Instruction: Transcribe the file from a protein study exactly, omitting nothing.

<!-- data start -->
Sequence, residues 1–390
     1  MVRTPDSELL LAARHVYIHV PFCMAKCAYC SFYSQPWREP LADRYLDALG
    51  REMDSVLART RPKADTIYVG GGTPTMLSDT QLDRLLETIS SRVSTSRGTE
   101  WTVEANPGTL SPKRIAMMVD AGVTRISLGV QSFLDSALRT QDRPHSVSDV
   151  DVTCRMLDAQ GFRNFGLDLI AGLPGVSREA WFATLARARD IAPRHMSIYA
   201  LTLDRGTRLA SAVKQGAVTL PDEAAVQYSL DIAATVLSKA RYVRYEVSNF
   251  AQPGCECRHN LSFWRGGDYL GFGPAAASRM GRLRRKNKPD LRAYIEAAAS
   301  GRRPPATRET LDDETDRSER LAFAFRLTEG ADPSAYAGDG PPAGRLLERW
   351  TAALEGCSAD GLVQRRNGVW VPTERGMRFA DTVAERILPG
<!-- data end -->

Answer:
Sequence, residues 1–390
     1  MVRTPDSELL LAARHVYIHV PFCMAKCAYC SFYSQPWREP LADRYLDALG
    51  REMDSVLART RPKADTIYVG GGTPTMLSDT QLDRLLETIS SRVSTSRGTE
   101  WTVEANPGTL SPKRIAMMVD AGVTRISLGV QSFLDSALRT QDRPHSVSDV
   151  DVTCRMLDAQ GFRNFGLDLI AGLPGVSREA WFATLARARD IAPRHMSIYA
   201  LTLDRGTRLA SAVKQGAVTL PDEAAVQYSL DIAATVLSKA RYVRYEVSNF
   251  AQPGCECRHN LSFWRGGDYL GFGPAAASRM GRLRRKNKPD LRAYIEAAAS
   301  GRRPPATRET LDDETDRSER LAFAFRLTEG ADPSAYAGDG PPAGRLLERW
   351  TAALEGCSAD GLVQRRNGVW VPTERGMRFA DTVAERILPG